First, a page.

If exporting is part of your business strategy, it's best to ensure you have legal rights to own and use your trade mark in the jurisdictions that you're planning to operate.

There are a couple of ways you can do this – by filing national applications in each country of interest, or by using the 'Madrid System' to file an 'international registration' in any of the Madrid System's 124 member countries.

The purpose of the Madrid System is to simplify the procedure and reduce the cost of registering a trade mark in multiple countries. This is achieved by filing a single application, in one language and with one set of fees, that designates the countries in which protection for the mark is required. A basic fee is charged, with supplementary charges determined by the number of countries designated. Not every country is a member of the Madrid System, however most of New Zealand's key trading partners are.

The process

We can file an international application with the New Zealand Intellectual Property Office; the NZIPO will transmit the details to the World Intellectual Property Organisation for examination. If approved, your trade mark will be added to the International Register, with an initial term of 10 years.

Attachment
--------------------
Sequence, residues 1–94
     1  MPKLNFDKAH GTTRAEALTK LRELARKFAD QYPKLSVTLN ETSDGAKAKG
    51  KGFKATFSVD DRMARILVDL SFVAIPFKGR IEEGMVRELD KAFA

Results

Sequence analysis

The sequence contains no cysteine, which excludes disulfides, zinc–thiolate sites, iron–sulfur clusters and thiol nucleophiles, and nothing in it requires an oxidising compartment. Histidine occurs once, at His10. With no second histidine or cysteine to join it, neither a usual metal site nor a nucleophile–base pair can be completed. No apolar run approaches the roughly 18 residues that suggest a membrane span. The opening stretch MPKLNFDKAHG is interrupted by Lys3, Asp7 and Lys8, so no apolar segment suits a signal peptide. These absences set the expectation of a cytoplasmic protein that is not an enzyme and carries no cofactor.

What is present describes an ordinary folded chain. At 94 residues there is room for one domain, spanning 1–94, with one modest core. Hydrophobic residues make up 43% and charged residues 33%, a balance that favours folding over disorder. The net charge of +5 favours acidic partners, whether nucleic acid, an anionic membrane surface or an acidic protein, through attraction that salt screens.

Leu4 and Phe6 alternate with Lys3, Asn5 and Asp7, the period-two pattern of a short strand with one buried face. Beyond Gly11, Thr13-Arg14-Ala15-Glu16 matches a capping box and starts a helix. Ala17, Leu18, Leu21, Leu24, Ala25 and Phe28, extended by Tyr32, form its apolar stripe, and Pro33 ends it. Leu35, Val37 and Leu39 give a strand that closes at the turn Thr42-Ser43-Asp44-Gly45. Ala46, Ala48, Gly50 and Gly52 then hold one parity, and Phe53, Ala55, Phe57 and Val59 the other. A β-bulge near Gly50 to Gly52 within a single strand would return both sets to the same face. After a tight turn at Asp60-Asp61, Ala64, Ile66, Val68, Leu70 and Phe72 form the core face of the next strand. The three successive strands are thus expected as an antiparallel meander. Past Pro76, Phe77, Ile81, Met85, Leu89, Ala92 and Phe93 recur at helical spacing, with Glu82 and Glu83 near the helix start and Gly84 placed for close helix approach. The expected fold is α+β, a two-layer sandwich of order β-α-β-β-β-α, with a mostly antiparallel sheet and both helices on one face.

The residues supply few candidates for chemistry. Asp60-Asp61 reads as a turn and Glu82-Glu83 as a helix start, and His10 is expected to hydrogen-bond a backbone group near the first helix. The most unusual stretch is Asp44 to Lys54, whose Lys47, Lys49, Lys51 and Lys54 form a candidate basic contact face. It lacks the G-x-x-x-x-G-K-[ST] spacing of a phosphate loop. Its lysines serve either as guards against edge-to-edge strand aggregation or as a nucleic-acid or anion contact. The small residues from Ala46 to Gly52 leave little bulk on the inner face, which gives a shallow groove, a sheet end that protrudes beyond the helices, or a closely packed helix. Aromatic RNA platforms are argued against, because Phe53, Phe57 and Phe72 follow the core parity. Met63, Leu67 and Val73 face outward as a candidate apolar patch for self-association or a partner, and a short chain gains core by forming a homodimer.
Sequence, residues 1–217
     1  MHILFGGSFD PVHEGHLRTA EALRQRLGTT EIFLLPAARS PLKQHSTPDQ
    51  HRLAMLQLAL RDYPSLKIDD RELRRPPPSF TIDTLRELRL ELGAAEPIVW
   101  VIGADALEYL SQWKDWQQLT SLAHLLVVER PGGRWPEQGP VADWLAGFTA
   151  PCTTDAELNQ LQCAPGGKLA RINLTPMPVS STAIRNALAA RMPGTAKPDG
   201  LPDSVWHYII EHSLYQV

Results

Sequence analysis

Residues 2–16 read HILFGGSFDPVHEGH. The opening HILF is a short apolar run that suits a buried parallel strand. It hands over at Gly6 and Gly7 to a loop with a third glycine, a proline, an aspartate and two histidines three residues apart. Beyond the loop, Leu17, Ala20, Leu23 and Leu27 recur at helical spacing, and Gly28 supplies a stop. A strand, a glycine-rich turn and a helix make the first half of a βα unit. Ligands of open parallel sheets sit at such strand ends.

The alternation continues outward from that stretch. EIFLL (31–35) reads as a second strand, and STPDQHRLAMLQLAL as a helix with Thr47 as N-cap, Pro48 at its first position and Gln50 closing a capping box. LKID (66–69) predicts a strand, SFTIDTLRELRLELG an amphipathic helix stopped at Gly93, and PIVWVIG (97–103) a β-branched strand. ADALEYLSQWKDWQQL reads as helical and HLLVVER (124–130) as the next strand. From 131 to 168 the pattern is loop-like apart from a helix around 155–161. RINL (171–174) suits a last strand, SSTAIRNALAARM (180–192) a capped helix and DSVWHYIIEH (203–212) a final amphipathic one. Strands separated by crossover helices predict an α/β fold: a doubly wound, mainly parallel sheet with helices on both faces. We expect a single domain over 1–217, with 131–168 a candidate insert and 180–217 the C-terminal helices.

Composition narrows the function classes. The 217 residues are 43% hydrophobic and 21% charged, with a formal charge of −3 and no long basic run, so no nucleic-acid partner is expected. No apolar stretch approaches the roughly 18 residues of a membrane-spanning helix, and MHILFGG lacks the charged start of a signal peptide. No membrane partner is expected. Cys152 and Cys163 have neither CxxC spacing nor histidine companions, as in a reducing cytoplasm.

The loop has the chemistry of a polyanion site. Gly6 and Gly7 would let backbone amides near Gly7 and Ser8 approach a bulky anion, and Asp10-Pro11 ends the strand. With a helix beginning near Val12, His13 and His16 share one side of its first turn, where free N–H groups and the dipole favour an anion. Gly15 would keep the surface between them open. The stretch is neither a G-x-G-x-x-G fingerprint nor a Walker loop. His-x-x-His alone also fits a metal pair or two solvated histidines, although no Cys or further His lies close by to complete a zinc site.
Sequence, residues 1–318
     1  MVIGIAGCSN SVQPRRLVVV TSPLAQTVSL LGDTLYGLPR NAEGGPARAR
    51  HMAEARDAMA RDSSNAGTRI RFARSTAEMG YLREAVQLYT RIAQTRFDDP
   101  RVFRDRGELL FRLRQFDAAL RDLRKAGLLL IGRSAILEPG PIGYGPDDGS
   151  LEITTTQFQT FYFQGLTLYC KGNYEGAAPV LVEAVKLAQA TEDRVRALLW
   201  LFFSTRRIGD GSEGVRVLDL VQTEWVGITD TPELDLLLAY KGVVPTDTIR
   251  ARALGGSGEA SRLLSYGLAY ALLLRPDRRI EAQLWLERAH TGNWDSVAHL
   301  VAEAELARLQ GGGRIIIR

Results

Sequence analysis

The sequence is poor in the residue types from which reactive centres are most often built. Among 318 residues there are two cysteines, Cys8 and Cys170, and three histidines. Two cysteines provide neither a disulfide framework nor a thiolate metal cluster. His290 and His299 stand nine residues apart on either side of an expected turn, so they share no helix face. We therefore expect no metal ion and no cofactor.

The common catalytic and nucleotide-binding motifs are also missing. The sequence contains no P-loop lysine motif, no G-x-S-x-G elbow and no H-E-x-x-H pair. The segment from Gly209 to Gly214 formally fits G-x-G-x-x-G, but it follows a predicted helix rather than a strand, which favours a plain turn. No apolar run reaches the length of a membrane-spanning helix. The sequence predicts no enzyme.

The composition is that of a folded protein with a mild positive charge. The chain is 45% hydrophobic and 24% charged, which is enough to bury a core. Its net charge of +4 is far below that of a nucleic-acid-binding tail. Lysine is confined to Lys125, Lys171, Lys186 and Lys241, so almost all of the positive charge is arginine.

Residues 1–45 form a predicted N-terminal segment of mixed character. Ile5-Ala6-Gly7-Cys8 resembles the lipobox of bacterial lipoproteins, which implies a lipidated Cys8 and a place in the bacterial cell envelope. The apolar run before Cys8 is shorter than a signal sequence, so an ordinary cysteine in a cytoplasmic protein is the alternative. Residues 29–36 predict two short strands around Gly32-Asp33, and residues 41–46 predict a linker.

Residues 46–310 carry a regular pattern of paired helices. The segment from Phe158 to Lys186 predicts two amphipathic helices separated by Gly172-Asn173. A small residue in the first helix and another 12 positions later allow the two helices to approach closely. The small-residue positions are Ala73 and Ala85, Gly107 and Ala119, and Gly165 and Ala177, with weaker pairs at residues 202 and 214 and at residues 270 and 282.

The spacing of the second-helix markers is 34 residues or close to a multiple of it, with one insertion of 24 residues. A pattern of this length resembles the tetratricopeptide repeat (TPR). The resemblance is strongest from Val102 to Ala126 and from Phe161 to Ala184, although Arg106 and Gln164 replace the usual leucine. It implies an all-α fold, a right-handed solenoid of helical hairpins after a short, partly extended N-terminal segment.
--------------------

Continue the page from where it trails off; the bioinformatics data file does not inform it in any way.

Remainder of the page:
'National examination' follows, where each designated country examines the trade mark according to its national law. Each country can refuse to grant protection without impacting the grant of protection in the other designated countries.

The Madrid System will not always be best suited for your purposes, but if you are interested in protecting your trade mark in a number of countries, it is certainly worth considering.

To find out more if the Madrid System will work for registering your trade mark internationally, please don't hesitate to contact Tim Walden at tim.walden@jamesandwells.com

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